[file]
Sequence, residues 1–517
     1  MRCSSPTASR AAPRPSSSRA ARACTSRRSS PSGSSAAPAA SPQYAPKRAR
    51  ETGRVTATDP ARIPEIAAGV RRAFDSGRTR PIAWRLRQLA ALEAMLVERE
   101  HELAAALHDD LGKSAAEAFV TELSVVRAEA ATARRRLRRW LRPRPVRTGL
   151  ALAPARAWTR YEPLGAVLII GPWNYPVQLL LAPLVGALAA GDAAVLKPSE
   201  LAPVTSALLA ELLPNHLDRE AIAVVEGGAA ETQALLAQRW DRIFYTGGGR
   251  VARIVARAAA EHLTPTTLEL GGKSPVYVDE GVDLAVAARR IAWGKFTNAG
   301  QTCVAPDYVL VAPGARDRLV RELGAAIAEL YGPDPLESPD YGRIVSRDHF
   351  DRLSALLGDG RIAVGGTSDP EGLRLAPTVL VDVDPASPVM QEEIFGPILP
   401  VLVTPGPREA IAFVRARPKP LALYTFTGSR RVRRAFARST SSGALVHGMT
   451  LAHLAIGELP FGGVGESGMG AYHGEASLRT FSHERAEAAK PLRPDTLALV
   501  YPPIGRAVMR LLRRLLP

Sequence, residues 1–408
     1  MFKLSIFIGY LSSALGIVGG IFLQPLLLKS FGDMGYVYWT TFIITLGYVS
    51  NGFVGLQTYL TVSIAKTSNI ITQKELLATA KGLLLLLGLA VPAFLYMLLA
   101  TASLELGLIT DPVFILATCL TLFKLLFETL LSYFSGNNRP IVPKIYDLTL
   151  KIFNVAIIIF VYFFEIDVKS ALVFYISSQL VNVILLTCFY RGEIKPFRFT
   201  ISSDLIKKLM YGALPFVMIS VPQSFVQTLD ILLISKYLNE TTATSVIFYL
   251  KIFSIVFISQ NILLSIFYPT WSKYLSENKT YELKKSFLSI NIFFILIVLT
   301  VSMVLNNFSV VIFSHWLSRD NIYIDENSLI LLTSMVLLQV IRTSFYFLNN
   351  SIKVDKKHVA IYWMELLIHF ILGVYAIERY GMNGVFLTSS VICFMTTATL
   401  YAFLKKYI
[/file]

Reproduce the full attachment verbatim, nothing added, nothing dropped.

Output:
Sequence, residues 1–517
     1  MRCSSPTASR AAPRPSSSRA ARACTSRRSS PSGSSAAPAA SPQYAPKRAR
    51  ETGRVTATDP ARIPEIAAGV RRAFDSGRTR PIAWRLRQLA ALEAMLVERE
   101  HELAAALHDD LGKSAAEAFV TELSVVRAEA ATARRRLRRW LRPRPVRTGL
   151  ALAPARAWTR YEPLGAVLII GPWNYPVQLL LAPLVGALAA GDAAVLKPSE
   201  LAPVTSALLA ELLPNHLDRE AIAVVEGGAA ETQALLAQRW DRIFYTGGGR
   251  VARIVARAAA EHLTPTTLEL GGKSPVYVDE GVDLAVAARR IAWGKFTNAG
   301  QTCVAPDYVL VAPGARDRLV RELGAAIAEL YGPDPLESPD YGRIVSRDHF
   351  DRLSALLGDG RIAVGGTSDP EGLRLAPTVL VDVDPASPVM QEEIFGPILP
   401  VLVTPGPREA IAFVRARPKP LALYTFTGSR RVRRAFARST SSGALVHGMT
   451  LAHLAIGELP FGGVGESGMG AYHGEASLRT FSHERAEAAK PLRPDTLALV
   501  YPPIGRAVMR LLRRLLP

Sequence, residues 1–408
     1  MFKLSIFIGY LSSALGIVGG IFLQPLLLKS FGDMGYVYWT TFIITLGYVS
    51  NGFVGLQTYL TVSIAKTSNI ITQKELLATA KGLLLLLGLA VPAFLYMLLA
   101  TASLELGLIT DPVFILATCL TLFKLLFETL LSYFSGNNRP IVPKIYDLTL
   151  KIFNVAIIIF VYFFEIDVKS ALVFYISSQL VNVILLTCFY RGEIKPFRFT
   201  ISSDLIKKLM YGALPFVMIS VPQSFVQTLD ILLISKYLNE TTATSVIFYL
   251  KIFSIVFISQ NILLSIFYPT WSKYLSENKT YELKKSFLSI NIFFILIVLT
   301  VSMVLNNFSV VIFSHWLSRD NIYIDENSLI LLTSMVLLQV IRTSFYFLNN
   351  SIKVDKKHVA IYWMELLIHF ILGVYAIERY GMNGVFLTSS VICFMTTATL
   401  YAFLKKYI